The following comments represent the opinions and perspective of Doug Nelson and Nelson Insurance Services Corp.
Do you provide life, disability, critical illness and long term care insurance?
Yes, as a firm we have been licensed to provide these products to our clients since 1966, when Vern began his career in the financial services business.We are very knowledgeable in these different products. Our preference is to focus on transparent, simple and cost effective insurance solutions.
Do you provide any investment products through Nelson Insurance Services Corp?
The only investment products we typically provide through Nelson Insurance Services Corp. will be GIC investments available through insurance companies. Segregated Fund Products are also investment products that are available through an insurance company. However, our preference and bias is to direct all of our actively managed investment business through our associated entity Nelson Portfolio Management Corp. Annuities are also investment related products that are available through insurance companies. Yes, these are products we use on a regular basis so as to help provide a greater source of guaranteed income to our clients in retirement.
My advisor is recommending a plan that has a Guaranteed Minimum Withdrawal Benefit (GMWB). What is this and is this an approach you typically endorse?
A GMWB is a feature added onto a traditional segregated fund plan offered through a life insurance company. These plans typically suggest that they will provide a guaranteed rate of return or a guaranteed amount of annual income representing approximately 5% of the value of the portfolio each year. It is important to recognize that the 5% figure is only a “notional” figure. This is not real money. The “notional” 5% value is simply a benchmark used by the insurance company to determine the level of guaranteed income they will provide to you. However, and this is the really important point, the insurance company will not pay you any money out of their cash reserves until your portfolio reaches a zero value. Also, some of the insurance companies present a scenario whereby a negative annual rate of return is illustrated each year for a period of 15 years, at which time the portfolio reaches zero. In my view, this is an unrealistic scenario that has never occured in history. This is not to say that it can’t happen in the future, but to base your investment product selection on a scenario that has never happened in history does not seem that prudent to me.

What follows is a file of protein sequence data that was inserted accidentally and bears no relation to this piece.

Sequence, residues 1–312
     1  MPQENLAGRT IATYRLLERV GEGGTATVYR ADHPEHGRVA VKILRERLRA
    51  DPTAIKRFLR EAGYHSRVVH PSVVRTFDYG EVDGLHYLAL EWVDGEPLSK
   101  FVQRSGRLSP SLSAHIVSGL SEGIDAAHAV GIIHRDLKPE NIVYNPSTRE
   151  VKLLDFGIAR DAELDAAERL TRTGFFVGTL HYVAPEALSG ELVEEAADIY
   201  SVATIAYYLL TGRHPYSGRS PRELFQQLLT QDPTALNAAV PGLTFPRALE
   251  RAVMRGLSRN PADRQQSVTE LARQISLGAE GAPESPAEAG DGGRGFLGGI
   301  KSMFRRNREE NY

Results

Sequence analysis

In addition to these points, the fees charged for such a product typically range from 3% to 4% of the value of the portfolio per year. As a matter of fact, the fees charged often relate to the “notional” market value of the investment, not the actual market value. If the notional value is higher than the market value, then the fees charged as a percent of the actual market value can be even higher.
Needless to say, this is not a product choice I recommend. I personally don’t like this approach because i) the fees, in my view, are very high and increase over time, ii) the product strives to protect against a scenario that has never occured in history (in my view) and iii) because the insurance company doesn’t actually provide any specific benefit until your portfolio reaches a zero balance. I believe that you can achieve so much more with a more conservative investment portfolio with lower investment fees.